Daf HaShavua – Mishpatim – Shabbat Shekalim
This parashah is known in Hebrew as Sefer Ha-brit, the Book of the Covenant. It contains the first body of laws in the Torah. These rules, a combination of moral imperatives, social standards, civil and criminal injunctions, and rules for proper worship, are all recognised as the will of God, the embodied consequence of the distinct relationship between God and the people of Israel.
Beginning with laws concerning slaves, the Torah establishes a kind of indentured servitude for a fellow Hebrew, who must go free after seven years of enslavement. If the eved ivri, Hebrew slave, wishes to remain with master, wife and children, he is taken to a door and his ear is pierced with an awl, after which he is a slave for life. The Torah also establishes procedures for the female slave, the amah.
In a section on criminal legislation, the Torah lays out three capital offenses: murder, injuring parents physically, and kidnapping. The punishment for crimes of bodily injury caused by human attack is limited to no more than an equivalent loss: “an eye for an eye”. A homicidal beast is to be killed. A thief is to repay the lost object and four (for an ox) or three (for a sheep) more animals as restitution. Responsibility to care for loaned items is enforced, whether these items are fixed property or an animal. Seducing an unmarried woman forces the seducer to pay her bride price or to marry her.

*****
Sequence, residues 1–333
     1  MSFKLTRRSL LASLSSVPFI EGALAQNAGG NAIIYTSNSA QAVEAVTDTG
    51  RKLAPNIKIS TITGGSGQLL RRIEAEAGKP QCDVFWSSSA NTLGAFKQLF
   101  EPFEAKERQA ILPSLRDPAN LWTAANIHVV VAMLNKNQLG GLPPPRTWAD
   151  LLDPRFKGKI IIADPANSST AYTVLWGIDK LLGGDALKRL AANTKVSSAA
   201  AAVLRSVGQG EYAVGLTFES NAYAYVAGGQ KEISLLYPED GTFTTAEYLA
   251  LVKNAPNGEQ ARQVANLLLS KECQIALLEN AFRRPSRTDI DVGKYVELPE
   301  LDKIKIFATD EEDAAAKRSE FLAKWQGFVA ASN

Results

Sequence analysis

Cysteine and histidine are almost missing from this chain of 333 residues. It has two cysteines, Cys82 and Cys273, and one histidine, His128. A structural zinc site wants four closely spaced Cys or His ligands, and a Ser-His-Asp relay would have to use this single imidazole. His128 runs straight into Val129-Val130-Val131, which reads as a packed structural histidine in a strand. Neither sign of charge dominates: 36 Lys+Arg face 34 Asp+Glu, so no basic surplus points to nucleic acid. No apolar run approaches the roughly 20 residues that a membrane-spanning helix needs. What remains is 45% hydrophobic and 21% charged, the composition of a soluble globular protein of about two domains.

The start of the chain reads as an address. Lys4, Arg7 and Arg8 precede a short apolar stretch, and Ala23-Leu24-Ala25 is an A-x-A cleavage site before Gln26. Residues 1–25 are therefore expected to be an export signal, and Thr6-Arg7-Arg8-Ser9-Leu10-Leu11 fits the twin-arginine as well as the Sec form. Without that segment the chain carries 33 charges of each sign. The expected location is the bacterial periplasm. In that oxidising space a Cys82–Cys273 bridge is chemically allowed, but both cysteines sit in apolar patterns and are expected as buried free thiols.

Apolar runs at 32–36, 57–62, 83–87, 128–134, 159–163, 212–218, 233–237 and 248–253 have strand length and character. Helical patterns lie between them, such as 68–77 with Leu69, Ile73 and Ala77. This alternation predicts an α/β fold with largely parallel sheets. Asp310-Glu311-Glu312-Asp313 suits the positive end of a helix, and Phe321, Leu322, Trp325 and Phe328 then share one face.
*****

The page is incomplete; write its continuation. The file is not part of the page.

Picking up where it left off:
A second section of Mishpatim lays out a variety of categorical laws, known as apodictic laws: prohibition of sorcery and idolatry; justice for foreigners, widows, and orphans; extending loans for the poor; respect for God; honesty in courts; humane treatment of one’s enemy; and a series of agricultural laws. Mishpatim then lays out the calendar of the three festivals of Passover, Shavuot and Sukkot. God reiterates a promise to protect the Israelites during their wanderings, and commands the Israelites to remain distinct and true to their covenant.
Finally, Moses and the elders repeat all the commands and rules of the Lord aloud, and the people affirm their loyalty to the covenant and its commandments with one voice. As the elders and people celebrate the new partnership with God, Moses goes up to the mountaintop to receive the stone tablets containing God’s inscription of the laws and rules.
Moses remains hidden in the clouds for forty days and nights.
Based on The Bedside Torah by Rabbi Bradley Artson
Questions for discussion
Why is a Jewish covenant made up of rules and standards?
Why are injuring parents and kidnapping capital offenses, comparable to murder?
Why is this a new partnership with God? Which was the “old one”?